Generative AI’s Future in Business: 2024-2026

The Netscape Moment.

OpenAI’s release of ChatGPT was to AI what Netscape’s browser was to the Internet. They both democratized a powerful existing technology. What was once the purview of academics and computer scientists suddenly became a mainstream tool. Existing technology companies scrambled to incorporate the Internet into their products just like technology companies are scrambling to incorporate Generative AI today. In the early days of the Internet there were sceptics… there always are sceptics. In 1995, Robert Metcalf, inventor of Ethernet said, “I predict that the internet will go spectacularly supernova, and in 1996 it will catastrophically implode”. We bet he wishes he could take that one back. Generative AI has its sceptics too. At Infinitive, we’re very optimistic about GenAI. We rather like the take Elon Musk has on the topic, “Generative AI is the most powerful tool for creativity that has ever been created. It has the potential to unleash a new era of human innovation.”

Let’s talk about how Generative AI will evolve for businesses over the next three years.

2024 — Turbocharged chatbots, virtual assistants and the return of shadow IT.

  1. Chatbots on steroids. Generative AI using Large Language Models (LLMs) will be embedded in more than half of today’s conversational applications (in 2023, it is in 20% of such applications). This will dramatically improve the current generation of chatbots. Customer service will be the biggest beneficiary inside enterprises. From phone trees that customers don’t hate to SaaS application tutors that start to take the place of Customer Success Reps, the world of talking to technology will get much better. Many of these GenAI-enabled chatbots will be incorporated into existing services. Airbnb’s website might allow a customer to initiate a conversation where rental properties are considered, restaurant reservations are made, tickets to sporting events are purchased, etc. NASCAR could allow somebody attending one of its races to find convenient motor home parking and local fishing guides. All with conversational natural language. Companies who seize the initiative early are likely to maintain their lead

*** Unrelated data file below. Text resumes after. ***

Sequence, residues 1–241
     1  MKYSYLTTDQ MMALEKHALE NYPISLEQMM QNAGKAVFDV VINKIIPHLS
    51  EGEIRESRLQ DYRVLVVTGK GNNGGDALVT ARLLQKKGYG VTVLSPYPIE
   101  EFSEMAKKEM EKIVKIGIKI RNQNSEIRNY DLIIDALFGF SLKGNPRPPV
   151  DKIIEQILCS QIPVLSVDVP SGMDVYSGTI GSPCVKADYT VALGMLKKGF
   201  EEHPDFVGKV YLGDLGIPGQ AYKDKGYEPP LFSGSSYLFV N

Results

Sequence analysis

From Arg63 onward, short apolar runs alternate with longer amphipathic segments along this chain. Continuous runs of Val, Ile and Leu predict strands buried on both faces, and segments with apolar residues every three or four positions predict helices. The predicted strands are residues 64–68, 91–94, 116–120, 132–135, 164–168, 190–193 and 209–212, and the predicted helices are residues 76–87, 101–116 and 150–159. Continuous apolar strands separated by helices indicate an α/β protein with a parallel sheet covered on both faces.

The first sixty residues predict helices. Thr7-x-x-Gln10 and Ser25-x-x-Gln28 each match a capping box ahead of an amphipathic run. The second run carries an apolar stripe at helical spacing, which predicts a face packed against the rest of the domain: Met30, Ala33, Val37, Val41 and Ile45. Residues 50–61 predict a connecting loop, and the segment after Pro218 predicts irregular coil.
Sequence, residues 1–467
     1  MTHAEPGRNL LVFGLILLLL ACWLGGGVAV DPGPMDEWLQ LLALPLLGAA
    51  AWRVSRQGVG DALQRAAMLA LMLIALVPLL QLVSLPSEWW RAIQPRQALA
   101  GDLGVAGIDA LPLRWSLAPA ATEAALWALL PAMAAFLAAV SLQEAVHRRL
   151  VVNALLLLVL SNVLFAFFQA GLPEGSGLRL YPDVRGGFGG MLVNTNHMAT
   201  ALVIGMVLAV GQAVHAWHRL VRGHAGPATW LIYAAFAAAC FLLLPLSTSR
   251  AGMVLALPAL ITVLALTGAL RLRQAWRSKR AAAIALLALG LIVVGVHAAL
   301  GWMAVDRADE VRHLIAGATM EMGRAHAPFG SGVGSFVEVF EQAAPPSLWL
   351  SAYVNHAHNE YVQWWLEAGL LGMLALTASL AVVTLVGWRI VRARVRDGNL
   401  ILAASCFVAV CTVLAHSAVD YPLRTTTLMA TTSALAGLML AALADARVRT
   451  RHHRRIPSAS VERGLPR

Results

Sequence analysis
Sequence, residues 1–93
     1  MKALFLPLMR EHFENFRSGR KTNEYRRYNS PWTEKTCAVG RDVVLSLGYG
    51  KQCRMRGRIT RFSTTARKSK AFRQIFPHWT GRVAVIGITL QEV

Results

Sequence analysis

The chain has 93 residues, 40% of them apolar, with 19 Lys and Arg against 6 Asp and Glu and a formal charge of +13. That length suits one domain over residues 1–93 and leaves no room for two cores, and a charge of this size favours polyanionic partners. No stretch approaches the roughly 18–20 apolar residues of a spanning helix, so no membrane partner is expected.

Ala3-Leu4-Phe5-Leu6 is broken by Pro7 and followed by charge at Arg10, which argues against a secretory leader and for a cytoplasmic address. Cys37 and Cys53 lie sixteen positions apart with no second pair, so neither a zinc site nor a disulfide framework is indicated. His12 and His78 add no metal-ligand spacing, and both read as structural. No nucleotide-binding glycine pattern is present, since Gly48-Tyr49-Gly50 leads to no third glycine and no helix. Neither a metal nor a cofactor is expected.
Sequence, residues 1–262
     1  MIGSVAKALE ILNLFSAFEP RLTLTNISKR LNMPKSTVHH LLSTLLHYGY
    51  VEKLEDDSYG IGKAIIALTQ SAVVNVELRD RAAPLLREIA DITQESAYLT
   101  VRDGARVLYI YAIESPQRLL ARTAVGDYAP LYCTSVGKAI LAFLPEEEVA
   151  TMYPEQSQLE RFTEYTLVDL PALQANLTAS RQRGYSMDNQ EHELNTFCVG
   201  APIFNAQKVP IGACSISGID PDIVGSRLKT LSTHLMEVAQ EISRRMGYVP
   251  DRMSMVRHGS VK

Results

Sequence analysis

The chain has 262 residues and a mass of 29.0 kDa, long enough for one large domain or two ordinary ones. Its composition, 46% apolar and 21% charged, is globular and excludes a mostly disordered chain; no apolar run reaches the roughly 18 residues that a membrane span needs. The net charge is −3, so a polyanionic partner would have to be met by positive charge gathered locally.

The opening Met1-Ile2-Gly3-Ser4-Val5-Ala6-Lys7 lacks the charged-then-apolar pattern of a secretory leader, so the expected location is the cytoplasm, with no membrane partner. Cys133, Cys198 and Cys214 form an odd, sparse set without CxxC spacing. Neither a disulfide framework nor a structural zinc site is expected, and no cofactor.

2. Digital Virtual assistants come of age. Technology companies have been trying to perfect the digital assistant since at least 1993 when Apple introduced the Newton. 2024 is the year that virtual assistants cross the chasm. Generative AI reboots of existing virtual assistants, like Assistant by Google and Alexa by Amazon, are already in the works. The big step forward in 2024 is that these Generative AI enabled assistants won’t just retrieve information, they will take action. A typical conversation might include asking the assistant about the NFL’s schedule, finding a ticket on the sunny side of the field for a game, buying the ticket and scheduling an Uber to take you to the game.
  3. The shadowy world of shadow IT. The big Generative AI vendors will continue to improve their base products. As those products allow users to upload documents, diagrams and the like, employees will use their personal accounts for business. Examples include an internal memo edited by ChatGPT for clarity or a webpage rewritten for SEO optimization. Corporate IT leaders will either provide their employees with a sanctioned Generative AI capability or take the chance that proprietary information will leak into the public domain through the unsanctioned use of personal accounts.